Sphingolipid trafficking and protein sorting in epithelial cells

FEBS Lett. 2002 Oct 2;529(1):54-9. doi: 10.1016/s0014-5793(02)03183-6.


Sphingolipids represent a minor, but highly dynamic subclass of lipids in all eukaryotic cells. They are involved in functions that range from structural protection to signal transduction and protein sorting, and participate in lipid raft assembly. In polarized epithelial cells, which display an asymmetric apical and basolateral membrane surface, rafts have been proposed as a sorting principle for apical resident proteins, following their biosynthesis. However, raft-mediated trafficking is ubiquitous in cells. Also, sphingolipids per se, which are strongly enriched in the apical domain, are subject to sorting in polarity development. Next to the trans Golgi network, a subapical compartment called SAC or common endosome appears instrumental in regulating these sorting events.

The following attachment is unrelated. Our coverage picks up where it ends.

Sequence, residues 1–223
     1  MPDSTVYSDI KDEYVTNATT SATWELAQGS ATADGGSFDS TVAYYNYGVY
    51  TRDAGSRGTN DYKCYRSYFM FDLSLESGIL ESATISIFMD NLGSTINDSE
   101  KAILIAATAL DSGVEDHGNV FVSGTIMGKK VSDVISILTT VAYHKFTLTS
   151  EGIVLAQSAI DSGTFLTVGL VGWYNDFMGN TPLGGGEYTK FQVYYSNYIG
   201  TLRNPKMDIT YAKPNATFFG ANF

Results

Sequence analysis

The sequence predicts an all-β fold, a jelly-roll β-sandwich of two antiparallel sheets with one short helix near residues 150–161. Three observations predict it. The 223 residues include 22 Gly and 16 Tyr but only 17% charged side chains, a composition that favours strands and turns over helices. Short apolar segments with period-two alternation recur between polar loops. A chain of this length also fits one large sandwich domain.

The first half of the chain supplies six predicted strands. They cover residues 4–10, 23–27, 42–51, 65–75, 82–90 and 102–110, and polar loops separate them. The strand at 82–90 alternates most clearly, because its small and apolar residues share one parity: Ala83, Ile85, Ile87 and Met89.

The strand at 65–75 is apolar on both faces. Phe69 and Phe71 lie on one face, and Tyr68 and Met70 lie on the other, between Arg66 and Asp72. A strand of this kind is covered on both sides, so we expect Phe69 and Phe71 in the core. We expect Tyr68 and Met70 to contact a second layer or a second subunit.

Publication types

  • Review

MeSH terms

  • Animals
  • Biological Transport
  • Cell Compartmentation
  • Cell Membrane / chemistry
  • Cell Membrane / metabolism*
  • Cell Polarity
  • Epithelial Cells / metabolism*
  • Humans
  • Membrane Lipids / chemistry
  • Membrane Lipids / metabolism
  • Protein Transport
  • Sphingolipids / chemistry*
  • Sphingolipids / metabolism*


  • Membrane Lipids
  • Sphingolipids